The Economist article on mirrorless cameras

Started Jun 7, 2014 | Discussions thread
Jerry Fusselman
Jerry Fusselman Contributing Member • Posts: 849

Erik Magnuson wrote:

Jerry Fusselman wrote:

In particular, the extra dynamic range from the a6000 at ISO 100 is wonderful.

Yes, the base ISO DR advantage is large and readily exploitable in real world photography. This is a great example of mapping a DxO number to a real world use case.

but I believe it does not pay to take either of these two cameras beyond ISO 1600.

Is there a different camera you would take past ISO 1600 or do you just not shoot past that?

I'm not going to go into great detail on this, as I said before. As to the theory underlying all of this, I'll offer just a hint without jargon: Every camera seems to have a maximum ISO, call it M, which it cannot truly go beyond except through software. I think M for the A7r is around 1600, and M seems near 1600 for the Canon 5D M3 too.

But who cares about the theory? Your results are what counts. So here is the experiment so that you can verify my thinking:

Find a static subject, put your camera on a tripod, and choose the aperture and shutter speed you want to use. Also dial in any exposure compensation you deem appropriate to the sceen. Set ISO to Auto. Now, what ISO does the camera choose for you? The test I am about to describe for you is no good unless the camera here chooses an ISO significantly higher than M. Suppose it chooses ISO 6400.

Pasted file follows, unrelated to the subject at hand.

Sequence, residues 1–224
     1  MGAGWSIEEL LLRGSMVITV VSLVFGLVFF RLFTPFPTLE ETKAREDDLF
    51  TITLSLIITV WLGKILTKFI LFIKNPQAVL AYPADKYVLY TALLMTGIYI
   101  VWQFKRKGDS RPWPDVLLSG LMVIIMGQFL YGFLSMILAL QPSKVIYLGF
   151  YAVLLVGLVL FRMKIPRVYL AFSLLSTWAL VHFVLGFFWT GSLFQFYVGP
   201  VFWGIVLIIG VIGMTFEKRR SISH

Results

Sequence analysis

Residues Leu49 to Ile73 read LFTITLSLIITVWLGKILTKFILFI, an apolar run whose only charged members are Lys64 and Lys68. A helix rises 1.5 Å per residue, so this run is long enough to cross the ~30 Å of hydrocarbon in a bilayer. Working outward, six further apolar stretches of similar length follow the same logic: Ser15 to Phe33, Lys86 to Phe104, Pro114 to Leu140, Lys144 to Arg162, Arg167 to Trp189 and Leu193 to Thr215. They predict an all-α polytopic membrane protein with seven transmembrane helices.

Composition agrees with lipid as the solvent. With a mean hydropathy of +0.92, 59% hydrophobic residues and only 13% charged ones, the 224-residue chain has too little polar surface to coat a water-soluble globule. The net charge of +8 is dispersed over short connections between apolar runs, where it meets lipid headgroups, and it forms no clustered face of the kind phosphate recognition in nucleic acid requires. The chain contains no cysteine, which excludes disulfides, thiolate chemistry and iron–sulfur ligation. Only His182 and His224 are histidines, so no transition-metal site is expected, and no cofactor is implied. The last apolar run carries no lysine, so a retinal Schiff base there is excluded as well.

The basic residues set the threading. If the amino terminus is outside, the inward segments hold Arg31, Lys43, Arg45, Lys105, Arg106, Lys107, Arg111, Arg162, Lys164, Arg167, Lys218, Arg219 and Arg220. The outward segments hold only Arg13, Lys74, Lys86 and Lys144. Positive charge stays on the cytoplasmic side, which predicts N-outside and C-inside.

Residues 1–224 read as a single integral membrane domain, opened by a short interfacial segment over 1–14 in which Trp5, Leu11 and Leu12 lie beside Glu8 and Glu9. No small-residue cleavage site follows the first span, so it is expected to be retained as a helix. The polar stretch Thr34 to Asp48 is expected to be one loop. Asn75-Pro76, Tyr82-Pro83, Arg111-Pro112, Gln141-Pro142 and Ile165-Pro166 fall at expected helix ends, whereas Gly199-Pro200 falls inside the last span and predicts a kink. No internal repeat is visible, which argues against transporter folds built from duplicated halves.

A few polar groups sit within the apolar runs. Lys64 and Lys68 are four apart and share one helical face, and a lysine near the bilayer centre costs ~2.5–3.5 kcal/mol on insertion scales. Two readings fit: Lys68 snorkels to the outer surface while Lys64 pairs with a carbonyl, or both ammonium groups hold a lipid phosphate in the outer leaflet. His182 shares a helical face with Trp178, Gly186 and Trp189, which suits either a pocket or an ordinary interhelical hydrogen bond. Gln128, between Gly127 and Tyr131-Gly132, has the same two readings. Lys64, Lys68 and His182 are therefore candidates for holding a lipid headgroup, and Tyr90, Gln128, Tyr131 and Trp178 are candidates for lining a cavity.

Now, for the test, keep your aperture and shutter speed as they are and shoot two exposures: One at ISO 6400, and one at ISO 1600 (that is, M), even though the second exposure is quite dark. Let's use raw files for both exposures.

From the these two raw files, build three images:

  1. Develop your ISO 6400 image normally.
  2. Develop your ISO 1600 image in Lightroom using some thought and good exposure correction.
  3. Develop your ISO 1600 image using PPW techniques as described by Dan Margulis.

I expect that you will like image 2 a bit better than image 1, and image 3 will be clearly the best of the three. No doubt this would be a surprise to you.

If my prediction is correct, that is the reason not to go beyond ISO 1600 when you want the best possible image with your equipment under the circumstances.

Each camera has its own value of M, which can be determined through experimentation. With some point-and-shoot cameras, M equals the base ISO, in my opinion.

To answer your question, yes, there is a different camera I would take past ISO 1600---it is the Sony A7s. How far past? I can only guess. Based on what I've seen and read, it must be somewhere between 3200 and 102,400. (There is a huge increase in noise from 102,400 to 204,800.) If I was forced to guess one value, I would think it is about 12,800---wouldn't that be great?

Or maybe I'm too optimistic. We'll see.

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Jerry Fusselman

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